In West, recreation parks lay claim to scarce water
GOLDEN, COLO. — As the current gushes down Clear Creek, waves buck beneath Preston Levato like the thrashing of a wild bull, and he strains to keep his kayak upright.
The adrenaline-charged sport of "playboating" - kayaking on roiling water as it spills over rocks - is captivating a streamside crowd at Golden's Clear Creek Whitewater Park, and turning the heads of passing dog walkers, bicyclists, and mothers pushing strollers. It's a Saturday afternoon, and a dozen kayakers in Crayola-colored boats are practicing intently. But the crowd's rapt attention - and the kayakers' glee - belies the bitter controversy here in Colorado over a sport that's pitted Old West Values against a New West hunger for the economic windfall of tourism.
At issue are manmade kayak courses like this one: They draw crowds, pumping cash into limp local economies. But the parks depend on vast allocations of water - one of the arid West's most prized and contested commodities.
The debate turns on the question of whether recreation should be on par with "traditional" water uses in agriculture, homes, and industry. Critics say that even though whitewater courses don't actually use the water they claim, the rushing-river effect means there's less water available for others.
"By locking water in the stream for this use, we don't know what the total impacts are upstream and downstream for future development," says Ray Christensen, executive vice president of the Colorado Farm Bureau. "From a public-policy standpoint, we don't think this is an important use." With a resource as limited as Western water, he says, each demand raises pressure on consumers.
The agricultural community is not alone in its concerns. The state, too, is troubled by the potential impact of playboating, and has challenged the legality of three whitewater parks - including Golden's. But a recent ruling by the Colorado supreme court found those water rights satisfy the letter of the law.
The legal issues are complex: Colorado has long precluded municipalities from claiming water solely for aesthetic or recreational use. And state law requires a diversion to "perfect" a water right - and earn the water court's approval. But Golden was the first Colorado town to circumvent that legal obstacle, claiming water rights and yet retaining them in the stream. By placing rocks and dam-like structures in a stretch of Clear Creek, they created the legal fiction of a water diversion. Although the water was channeled - and not taken from the stream - it satisfied the legal standard.
"The law allows you to either divert or control the water within the channel," explains Steve Bushong, a Boulder water attorney who defended Golden, Vail, and Breckenridge. The court's decision "puts recreation on equal footing with other uses of water," he says.
The one-time Gold Rush mecca of Golden has morphed, over a century and a half, into a small, middle-class community still rooted in its Old West past. The chief industry here is the Coors Brewing Company, lending the town an industrial feel, and the Colorado School of Mines draws students intent on geology, petroleum, and coal. Against the legacy of miners who panned for gold where kayakers now surge and bob, the Denver suburb has felt the pull of the regional surge in development - and the economic lure of tourism and recreation.
Already, Colorado is at the cutting edge of the kayak-course trend, with a dozen existing parks. Moreover, it's the only state that legally recognizes in-stream diversion for recreation. And since Colorado water law influences other Western states, the precedent may be far-reaching. "We believe this is really one of the best types of water appropriations," says Mr. Bushong. "There are all these [economic] benefits - yet there's no consumption."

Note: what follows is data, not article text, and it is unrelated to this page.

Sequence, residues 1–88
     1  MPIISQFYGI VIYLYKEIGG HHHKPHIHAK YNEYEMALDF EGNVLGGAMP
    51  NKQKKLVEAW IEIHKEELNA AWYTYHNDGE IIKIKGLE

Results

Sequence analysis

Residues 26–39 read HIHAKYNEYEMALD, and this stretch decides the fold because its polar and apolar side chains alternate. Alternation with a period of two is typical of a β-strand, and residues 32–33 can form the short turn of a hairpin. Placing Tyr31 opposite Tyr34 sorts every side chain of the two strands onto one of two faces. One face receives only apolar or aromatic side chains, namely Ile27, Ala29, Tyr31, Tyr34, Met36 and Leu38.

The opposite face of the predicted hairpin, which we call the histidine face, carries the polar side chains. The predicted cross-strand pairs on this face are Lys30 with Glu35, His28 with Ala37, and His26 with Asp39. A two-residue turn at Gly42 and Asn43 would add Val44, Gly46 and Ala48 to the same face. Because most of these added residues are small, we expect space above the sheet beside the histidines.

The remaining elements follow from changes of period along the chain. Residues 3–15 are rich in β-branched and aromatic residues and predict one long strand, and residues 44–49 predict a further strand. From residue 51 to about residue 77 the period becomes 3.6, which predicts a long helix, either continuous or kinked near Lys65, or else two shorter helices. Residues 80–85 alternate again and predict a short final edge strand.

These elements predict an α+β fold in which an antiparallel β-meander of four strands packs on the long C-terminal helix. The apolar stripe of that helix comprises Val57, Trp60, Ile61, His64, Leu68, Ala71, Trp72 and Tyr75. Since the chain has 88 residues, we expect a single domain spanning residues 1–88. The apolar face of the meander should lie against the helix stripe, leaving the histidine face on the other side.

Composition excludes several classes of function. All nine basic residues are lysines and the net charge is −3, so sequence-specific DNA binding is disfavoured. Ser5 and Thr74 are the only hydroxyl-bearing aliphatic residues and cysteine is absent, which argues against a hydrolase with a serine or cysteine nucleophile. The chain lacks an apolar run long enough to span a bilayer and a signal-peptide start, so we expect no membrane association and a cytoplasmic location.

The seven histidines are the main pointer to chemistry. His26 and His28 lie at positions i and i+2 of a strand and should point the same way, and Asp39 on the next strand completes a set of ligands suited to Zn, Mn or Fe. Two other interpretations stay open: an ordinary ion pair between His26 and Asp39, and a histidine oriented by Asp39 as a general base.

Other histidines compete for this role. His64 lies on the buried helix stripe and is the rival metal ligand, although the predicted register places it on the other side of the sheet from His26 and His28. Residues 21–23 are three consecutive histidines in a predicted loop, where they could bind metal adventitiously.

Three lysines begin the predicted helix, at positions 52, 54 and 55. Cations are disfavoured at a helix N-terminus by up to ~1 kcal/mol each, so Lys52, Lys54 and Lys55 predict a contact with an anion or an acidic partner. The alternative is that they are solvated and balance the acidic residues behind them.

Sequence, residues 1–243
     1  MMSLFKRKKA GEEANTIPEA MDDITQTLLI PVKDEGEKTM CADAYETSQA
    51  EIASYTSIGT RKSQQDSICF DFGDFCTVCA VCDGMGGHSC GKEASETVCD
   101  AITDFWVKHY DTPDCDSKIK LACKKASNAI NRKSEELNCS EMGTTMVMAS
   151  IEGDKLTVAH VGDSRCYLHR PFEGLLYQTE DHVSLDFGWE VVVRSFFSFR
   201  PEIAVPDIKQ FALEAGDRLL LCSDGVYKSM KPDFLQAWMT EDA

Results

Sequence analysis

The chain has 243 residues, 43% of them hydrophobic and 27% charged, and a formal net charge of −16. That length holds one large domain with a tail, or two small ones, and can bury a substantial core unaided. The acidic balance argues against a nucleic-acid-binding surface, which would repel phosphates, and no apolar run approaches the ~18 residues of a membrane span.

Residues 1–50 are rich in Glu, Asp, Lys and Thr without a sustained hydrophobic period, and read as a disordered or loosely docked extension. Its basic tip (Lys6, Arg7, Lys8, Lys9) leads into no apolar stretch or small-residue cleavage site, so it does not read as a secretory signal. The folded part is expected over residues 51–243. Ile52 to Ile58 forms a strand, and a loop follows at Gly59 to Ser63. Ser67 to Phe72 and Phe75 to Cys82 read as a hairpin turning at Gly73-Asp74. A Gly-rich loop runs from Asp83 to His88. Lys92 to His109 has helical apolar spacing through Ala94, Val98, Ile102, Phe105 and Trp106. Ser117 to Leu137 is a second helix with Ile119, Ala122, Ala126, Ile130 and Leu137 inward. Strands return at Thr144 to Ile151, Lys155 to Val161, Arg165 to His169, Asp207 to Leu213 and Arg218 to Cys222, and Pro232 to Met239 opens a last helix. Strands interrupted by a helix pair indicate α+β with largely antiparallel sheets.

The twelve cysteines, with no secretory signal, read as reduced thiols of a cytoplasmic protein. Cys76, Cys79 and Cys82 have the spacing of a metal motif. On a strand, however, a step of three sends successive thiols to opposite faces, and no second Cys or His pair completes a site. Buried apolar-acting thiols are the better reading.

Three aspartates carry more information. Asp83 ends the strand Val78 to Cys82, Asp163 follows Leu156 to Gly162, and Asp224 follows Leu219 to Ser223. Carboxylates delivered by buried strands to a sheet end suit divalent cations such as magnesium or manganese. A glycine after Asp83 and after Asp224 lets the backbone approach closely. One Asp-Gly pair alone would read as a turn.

State officials are skeptical, and they question whether legal defeat will have much bearing on future challenges. A state law limiting recreational water rights to the minimum "reasonable" amount was passed after the Golden case, and it's unclear whether the town's claim would have satisfied that standard, says Alison Needham, litigation coordinator for the state Division of Water Resources. From the state's perspective, the claim was excessive - and thus illegal. "They claimed every drop of water available. That means every drop has to touch that kayak course before it's available to anyone else," she says. "That's a problem if you're upstream."
Opponents include several water-short Colorado towns fearing kayak parks may thwart the water rights of future development. Though the parks' vast consumption isn't a problem as long as there's plenty of water, a drought could find those applying for water after a kayak park in a dry and difficult spot.
Still, until courts rule otherwise, the latest victory is a boon to the recreation industry. "The court is leaning toward more access for boating," says Holly Johnson, spokeswoman for the Colorado River Outfitters Association. She predicts that other water activities, from rafting to fishing, will ride the wave.
To those who point to the primacy of farming, park advocates like Bushong retort that "recreation is a new economic force" - and a magnet for tourism. Clear Creek draws some 15,000 boaters a year, with an annual economic benefit between $1 and $2 million, says Dan Hartman, public-works director. "It's one of the biggest activity centers in town," he says, hosting weekend events from slalom races to freestyle kayak "rodeos." Even the US Junior Olympic team trains here.
To users, Clear Creek is simply the amusement park of their dreams. Mr. Levato, who hones his kayaking skills here most afternoons, calls it "one of the nicest kayak parks in the US." His eyes still lit with the thrill of the ride, he concludes, simply: "It's very fun."